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Library of Freedom: Life & Times of…
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Library of Freedom: Life & Times of Frederick Douglass (edition 1993)

by Frederick Douglass (Author)

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The Life and Times of Frederick Douglass was Douglass' third autobiography. In it he was able to go into greater detail about his life as a slave and his escape from slavery, as he and his family were no longer in any danger from the reception of his work. In this engrossing narrative he recounts early years of abuse; his dramatic escape to the North and eventual freedom, abolitionist campaigns, and his crusade for full civil rights for former slaves. It is also the only of Douglass' autobiographies to discuss his life during and after the Civil War, including his encounters with American Presidents such as Lincoln, Grant, and Garfield.… (more)
Member:peopleslibrary
Title:Library of Freedom: Life & Times of Frederick Douglass
Authors:Frederick Douglass (Author)
Info:Gramercy (1993), Edition: Copyright 1993, 504 pages
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Life and Times of Frederick Douglass by Frederick Douglass

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The story of acquiring this volume is a long story full of sighs. But having read it, it seems silly to complain about anything so trivial.

Reading this book, I wanted to become a Quaker and go on nationwide speaking tours. I wanted to smack a lot of stupid, racist white people. I marveled at both the force of Frederick Douglass's personality and also all the factors that had to fall into place to make his legacy possible. I also marveled at the way he wrote his multiple autobiographies -- not as if posterity would have much interest in him as a person, but that posterity would want to know what this transitional time in history was like. As if 150 years later, it wouldn't be his name looming large, while most of the people he name-checks throughout are forgotten.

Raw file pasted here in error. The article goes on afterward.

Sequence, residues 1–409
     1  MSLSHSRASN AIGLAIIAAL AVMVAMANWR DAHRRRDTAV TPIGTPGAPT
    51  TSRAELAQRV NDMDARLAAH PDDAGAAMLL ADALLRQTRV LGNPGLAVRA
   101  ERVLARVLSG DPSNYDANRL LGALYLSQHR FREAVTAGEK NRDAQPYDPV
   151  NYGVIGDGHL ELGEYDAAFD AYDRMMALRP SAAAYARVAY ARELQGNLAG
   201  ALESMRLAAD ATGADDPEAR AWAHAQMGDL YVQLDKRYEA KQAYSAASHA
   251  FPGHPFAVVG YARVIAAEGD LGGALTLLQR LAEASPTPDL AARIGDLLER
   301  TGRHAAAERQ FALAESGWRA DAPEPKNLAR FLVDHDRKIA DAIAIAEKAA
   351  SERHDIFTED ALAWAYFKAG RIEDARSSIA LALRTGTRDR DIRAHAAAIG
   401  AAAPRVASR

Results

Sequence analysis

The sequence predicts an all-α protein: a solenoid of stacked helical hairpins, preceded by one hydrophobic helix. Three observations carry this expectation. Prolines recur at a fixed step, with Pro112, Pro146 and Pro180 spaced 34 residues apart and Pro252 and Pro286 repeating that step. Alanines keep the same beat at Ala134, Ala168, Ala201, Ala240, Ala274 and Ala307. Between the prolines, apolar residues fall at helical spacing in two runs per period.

An excellent last book for Less Stupid Civil War Reading Group, as it probably goes the furthest into the post-war changes in society. ( )
  greeniezona | Jan 24, 2019 |
This is an early edition of the autobiography of the great abolitionist. The language is typical for its day, and may seem a bit over-dramatic to the modern reader, but it is worth reading of this man's life in his own words.

The title page is almost as long as the book, and will serve as an outline of the contents:
Life and Times of Frederick Douglass (written by himself). His Early Life as a Slave, His Escape from Bondage, and his Complete History to the Present Time, Including his Connection with the Anti-Slavery Movement; His labors in Great Britain as well as in his own Country; His Experience in the Conduct of an Influential Newspaper; His Connections With the Underground Railroad; His Relations with John Brown and the Harper's Ferry Raid; His Recruiting the 54th and 55th Mass. {sic} Colored Regiments; His Interviews with Presidents Lincoln and Johnson; His Appointment by General Grant to Accompany the Santo Domingo Commission - Also to a Seat in the Council of the District of Columbia; His Appointment as United States Marshal by President Rutherford B. Hayes; also his Appointment to be Recorder of Deeds in Washington by President J.A. Garfield; with Many Other Interesting and Important events of his Most Eventful Life; with an Introduction by Mr. George Ruffin.
  oregonobsessionz | May 7, 2008 |
Auto-biograhical account of the end of slavery, by the courageous black leader who convinced Lincoln of the moral obligation to free the slaves. Without him, we might still be a slave-holding nation! A great American! A great book! ( )
  ElTomaso | Jun 11, 2006 |
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Frederick Douglassprimary authorall editionscalculated
Duncan, ScottIllustratorsecondary authorsome editionsconfirmed
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The Life and Times of Frederick Douglass was Douglass' third autobiography. In it he was able to go into greater detail about his life as a slave and his escape from slavery, as he and his family were no longer in any danger from the reception of his work. In this engrossing narrative he recounts early years of abuse; his dramatic escape to the North and eventual freedom, abolitionist campaigns, and his crusade for full civil rights for former slaves. It is also the only of Douglass' autobiographies to discuss his life during and after the Civil War, including his encounters with American Presidents such as Lincoln, Grant, and Garfield.

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Legacy Library: Frederick Douglass

Frederick Douglass has a Legacy Library. Legacy libraries are the personal libraries of famous readers, entered by LibraryThing members from the Legacy Libraries group.

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